Who is covering Human Rights

By Sarina Albeck

“What is torture?” asked my Linguistics professor one day in class. My interest in human right reporting began with this question. He was using this word as an example to show, how sometimes official definitions of words are changed, so that some people are given permission to do, what would be considered immoral by the majority of the citizens of a country. Once the official definition of a word like this is changed, a government can proudly proclaim to not torture one single individual. However, this is exactly, what is still happening. My professor was making this point to demonstrate a linguistic fact.

And this linguistic fact was interesting, but my thoughts continued to circle arround torture. I started reading more and more about it. Inconceivable, how little we all know about this topic. It is seldom on the news. Why? And where was the public outcry, when the official definition was changed?

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An American anti-torture group marching toward the Washington Monument
Photograph by Justin Norman

Torture is something that is happening. Everyday and not even far away. My goal with this beat blog is to contribute within my capabilities to make torture more present in the public dialogue. Luckily, there are already people out there, who are doing exactly this. They risk their lives, their careers and they risk to not be heard by many people. I have a deep admiration for human rights reporters and I will try to cover their work in this blog.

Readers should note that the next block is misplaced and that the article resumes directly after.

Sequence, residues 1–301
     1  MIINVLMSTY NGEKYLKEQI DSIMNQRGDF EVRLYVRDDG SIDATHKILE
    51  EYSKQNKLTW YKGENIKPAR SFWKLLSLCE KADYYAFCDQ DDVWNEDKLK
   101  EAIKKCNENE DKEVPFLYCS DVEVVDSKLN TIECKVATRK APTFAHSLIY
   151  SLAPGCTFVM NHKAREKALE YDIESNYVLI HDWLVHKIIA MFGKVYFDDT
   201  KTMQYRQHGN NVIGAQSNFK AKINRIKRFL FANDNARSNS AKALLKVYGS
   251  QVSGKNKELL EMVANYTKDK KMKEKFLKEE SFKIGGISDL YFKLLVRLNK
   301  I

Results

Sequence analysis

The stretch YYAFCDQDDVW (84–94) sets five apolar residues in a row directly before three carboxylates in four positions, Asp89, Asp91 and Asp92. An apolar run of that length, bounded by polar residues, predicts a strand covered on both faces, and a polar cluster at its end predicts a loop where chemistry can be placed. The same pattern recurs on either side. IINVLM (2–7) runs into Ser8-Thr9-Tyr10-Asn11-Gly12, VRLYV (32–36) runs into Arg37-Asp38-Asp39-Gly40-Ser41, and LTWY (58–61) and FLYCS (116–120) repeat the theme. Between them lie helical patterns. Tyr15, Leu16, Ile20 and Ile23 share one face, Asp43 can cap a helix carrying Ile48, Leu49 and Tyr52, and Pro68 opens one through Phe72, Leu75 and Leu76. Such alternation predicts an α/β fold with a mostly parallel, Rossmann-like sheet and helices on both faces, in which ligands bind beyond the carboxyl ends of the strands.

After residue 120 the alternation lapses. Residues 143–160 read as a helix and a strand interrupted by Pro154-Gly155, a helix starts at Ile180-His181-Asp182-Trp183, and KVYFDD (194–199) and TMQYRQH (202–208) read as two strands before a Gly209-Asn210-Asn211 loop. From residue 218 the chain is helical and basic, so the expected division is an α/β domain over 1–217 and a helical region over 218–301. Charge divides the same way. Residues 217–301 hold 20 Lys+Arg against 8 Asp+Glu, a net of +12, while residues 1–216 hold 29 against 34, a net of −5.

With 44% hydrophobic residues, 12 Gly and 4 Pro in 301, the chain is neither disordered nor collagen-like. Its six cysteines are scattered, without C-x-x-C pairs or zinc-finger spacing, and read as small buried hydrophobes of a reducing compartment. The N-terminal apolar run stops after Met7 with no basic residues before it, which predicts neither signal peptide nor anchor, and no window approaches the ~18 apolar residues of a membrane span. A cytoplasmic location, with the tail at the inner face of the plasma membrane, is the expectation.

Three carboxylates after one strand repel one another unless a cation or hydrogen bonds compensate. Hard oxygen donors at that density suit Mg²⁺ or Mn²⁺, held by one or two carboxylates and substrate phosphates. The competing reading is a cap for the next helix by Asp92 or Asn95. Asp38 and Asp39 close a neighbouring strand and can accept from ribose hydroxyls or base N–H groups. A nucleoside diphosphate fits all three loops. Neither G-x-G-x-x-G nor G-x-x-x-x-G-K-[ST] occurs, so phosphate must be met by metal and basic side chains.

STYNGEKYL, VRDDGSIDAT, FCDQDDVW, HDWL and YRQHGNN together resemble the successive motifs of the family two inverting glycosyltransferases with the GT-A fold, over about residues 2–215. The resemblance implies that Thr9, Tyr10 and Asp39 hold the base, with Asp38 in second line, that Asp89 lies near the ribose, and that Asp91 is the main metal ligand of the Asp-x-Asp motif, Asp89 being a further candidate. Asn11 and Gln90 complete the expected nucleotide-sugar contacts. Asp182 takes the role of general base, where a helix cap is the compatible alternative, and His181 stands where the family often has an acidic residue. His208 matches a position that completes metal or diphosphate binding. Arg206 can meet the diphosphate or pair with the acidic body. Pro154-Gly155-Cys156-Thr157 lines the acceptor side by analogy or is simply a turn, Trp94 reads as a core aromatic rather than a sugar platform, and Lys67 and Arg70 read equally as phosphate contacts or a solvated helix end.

An important source in this field is the Committee of Human Rights Reporters. On their website are listed reports and news about violations of human rights all over the world. Other important sources are NGOs like Amnesty International, Human Rights Watch and the World Organisation Against Torture. On their websites, they publish news about violations about human rights and tell about their own work.

One remarkable human rights reporters is the American journalist Seymour Hersh (follow him on Twitter) who exposed the Abu Ghraib prison scandal. This blog will be covering the work of him, his colleagues and the various non-governmental Human Rights Organizations.

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Seymour Hersh speaks about his work for The New Yorker.
Photo by Campus Progress

 

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